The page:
Venezuela VP to travel to Cuba see Chavez, family

CARACAS, Venezuela (AP) — Venezuela's vice president said he will travel to Cuba on Friday to visit ailing President Hugo

Chavez and his family.

Vice President Nicolas Maduro announced his trip on television, saying he would also meet with Chavez's medical team. The

government says the Venezuelan leader is fighting a severe respiratory infection a month after he underwent cancer surgery

in Havana.

"I'm leaving for Havana to continue that work of visiting the family, meeting with his medical team, visiting our commander

president," Maduro said.

Chavez hasn't spoken publicly or been seen since before his Dec. 11 operation, his fourth cancer-related surgery since June

2011 for an undisclosed type of pelvic cancer.

The government revealed this week that Chavez is receiving treatment for "respiratory deficiency." Medical experts say that

might mean he is breathing with the help of a ventilator.

Maduro was making his second trip to Cuba

since Chavez's surgery. He said he would meet with Argentine President

Cristina

Fernandez, who also was visiting Havana, and hoped to meet with

Peruvian President Ollanta Humala, who arrived Friday in the

Cuban capital.

Fernandez did not speak to journalists at she arrived at the upscale Hotel Nacional along Havana's waterfront on Friday morning.

Authorities have characterized the Argentine leader's trip as a private visit and her foreign minister said Thursday that

she intended to meet with Chavez.

Arriving at the Havana airport, Humala did not say if had confirmed plans to meet with Chavez.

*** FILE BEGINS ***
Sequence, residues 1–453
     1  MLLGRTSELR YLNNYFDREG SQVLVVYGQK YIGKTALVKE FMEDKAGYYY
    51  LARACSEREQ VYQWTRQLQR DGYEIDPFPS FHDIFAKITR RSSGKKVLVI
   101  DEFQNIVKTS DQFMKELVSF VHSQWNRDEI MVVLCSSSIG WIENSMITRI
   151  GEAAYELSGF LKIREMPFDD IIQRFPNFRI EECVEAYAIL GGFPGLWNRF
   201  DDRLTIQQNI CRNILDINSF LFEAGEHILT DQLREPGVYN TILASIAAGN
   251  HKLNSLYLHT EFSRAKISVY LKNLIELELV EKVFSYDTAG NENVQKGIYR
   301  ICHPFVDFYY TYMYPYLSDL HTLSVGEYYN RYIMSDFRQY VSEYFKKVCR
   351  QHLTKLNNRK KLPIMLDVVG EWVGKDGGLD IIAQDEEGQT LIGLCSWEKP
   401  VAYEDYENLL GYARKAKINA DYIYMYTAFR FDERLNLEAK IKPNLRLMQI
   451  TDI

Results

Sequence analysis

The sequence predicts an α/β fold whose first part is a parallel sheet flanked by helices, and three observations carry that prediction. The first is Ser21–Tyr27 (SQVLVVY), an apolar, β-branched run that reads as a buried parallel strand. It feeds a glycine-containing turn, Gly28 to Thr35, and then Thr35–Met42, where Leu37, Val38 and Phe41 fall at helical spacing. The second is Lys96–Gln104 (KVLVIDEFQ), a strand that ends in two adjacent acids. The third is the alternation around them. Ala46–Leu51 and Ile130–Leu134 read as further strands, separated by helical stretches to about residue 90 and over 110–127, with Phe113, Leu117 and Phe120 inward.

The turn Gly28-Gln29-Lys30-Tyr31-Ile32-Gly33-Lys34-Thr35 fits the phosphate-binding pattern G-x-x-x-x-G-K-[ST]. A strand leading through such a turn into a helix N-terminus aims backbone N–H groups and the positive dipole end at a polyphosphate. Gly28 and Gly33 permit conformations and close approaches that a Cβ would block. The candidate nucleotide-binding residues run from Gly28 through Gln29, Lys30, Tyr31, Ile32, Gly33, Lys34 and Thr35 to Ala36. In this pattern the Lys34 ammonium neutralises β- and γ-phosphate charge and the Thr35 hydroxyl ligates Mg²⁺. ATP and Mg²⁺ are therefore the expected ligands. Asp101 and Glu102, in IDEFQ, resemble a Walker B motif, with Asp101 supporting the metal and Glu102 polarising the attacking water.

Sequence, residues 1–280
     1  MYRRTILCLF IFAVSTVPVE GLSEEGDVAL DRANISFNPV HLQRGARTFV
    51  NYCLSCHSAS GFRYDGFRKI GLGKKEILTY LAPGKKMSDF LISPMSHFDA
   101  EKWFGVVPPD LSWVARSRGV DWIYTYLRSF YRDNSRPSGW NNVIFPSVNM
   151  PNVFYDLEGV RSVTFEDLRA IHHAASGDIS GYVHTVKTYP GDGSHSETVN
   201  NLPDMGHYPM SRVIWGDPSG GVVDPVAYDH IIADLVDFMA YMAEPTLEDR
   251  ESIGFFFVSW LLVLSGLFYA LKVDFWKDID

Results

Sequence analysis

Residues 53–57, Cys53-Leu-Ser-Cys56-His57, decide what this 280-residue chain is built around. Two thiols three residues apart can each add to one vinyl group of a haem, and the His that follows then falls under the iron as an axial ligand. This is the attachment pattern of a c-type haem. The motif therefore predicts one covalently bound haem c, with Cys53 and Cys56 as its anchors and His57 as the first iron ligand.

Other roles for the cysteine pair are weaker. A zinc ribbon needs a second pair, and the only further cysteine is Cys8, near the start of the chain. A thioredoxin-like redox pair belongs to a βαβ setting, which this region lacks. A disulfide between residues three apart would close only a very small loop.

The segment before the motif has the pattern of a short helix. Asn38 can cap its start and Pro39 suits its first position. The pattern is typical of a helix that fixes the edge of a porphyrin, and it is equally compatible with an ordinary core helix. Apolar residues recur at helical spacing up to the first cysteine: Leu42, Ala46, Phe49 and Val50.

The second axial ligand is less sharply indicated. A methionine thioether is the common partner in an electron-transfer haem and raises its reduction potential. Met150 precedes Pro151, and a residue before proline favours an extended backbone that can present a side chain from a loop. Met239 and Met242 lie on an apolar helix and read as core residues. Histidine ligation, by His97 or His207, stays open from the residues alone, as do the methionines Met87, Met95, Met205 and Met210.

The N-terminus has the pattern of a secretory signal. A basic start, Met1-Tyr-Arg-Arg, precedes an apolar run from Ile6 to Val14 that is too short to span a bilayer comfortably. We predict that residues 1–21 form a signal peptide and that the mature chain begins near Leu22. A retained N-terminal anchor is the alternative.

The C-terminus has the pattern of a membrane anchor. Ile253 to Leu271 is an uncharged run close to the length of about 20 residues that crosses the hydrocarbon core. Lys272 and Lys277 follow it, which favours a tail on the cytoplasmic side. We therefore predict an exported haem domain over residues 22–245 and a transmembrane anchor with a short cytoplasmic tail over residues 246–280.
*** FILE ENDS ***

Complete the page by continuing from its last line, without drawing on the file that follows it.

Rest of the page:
"Obviously I will ask, I will see, how is President Chavez's situation," Humala told reporters, saying he wishes Chavez a

"quick recovery."

Presidents Rafael Correa of Ecuador and Evo Morales of Bolivia have also visited Havana during Chavez's current stay there.

Maduro was designated by Chavez last month

as his chosen successor. Maduro said that while he is in Cuba,

Electricity Minister

Hector Navarro will remain in charge of affairs as acting vice

president. The vice president didn't say when he would return.

The vice president's announcement came a day

after the government gathered foreign allies and tens of thousands of

exuberant

supporters to celebrate the start of a new term for Chavez on

Thursday, even as he was too ill to return home for a real inauguration.

Despite opposition claims that the

constitution demands a Jan. 10 inauguration, the pro-Chavez congress

approved delaying

the inauguration and the Supreme Court on Wednesday endorsed the

postponement, saying the president could be sworn in before

the court at a later date.

Jailed former defense minister Raul Baduel urged his countrymen, especially the military, to resist what he called a "new

constitutional coup" by Chavez's allies. The former military chief, who is in prison after being convicted of embezzlement

and abuse of power, made the remarks in a vaguely worded letter that was released on Friday.

Baduel has insisted he is innocent and dismissed the case against him as a politically motivated reprisal for his opposition

to Chavez.

Though he didn't give details about what

action he hoped the military would take, Baduel appeared to echo the

argument by

opposition politicians that Maduro and other Chavez allies are

violating the constitution by remaining in office beyond the

formal swearing-in date.

The Supreme Court has dismissed that argument, saying the date in the constitution isn't binding if an inauguration is performed

before the court rather than the congress, where presidents usually take the oath of office.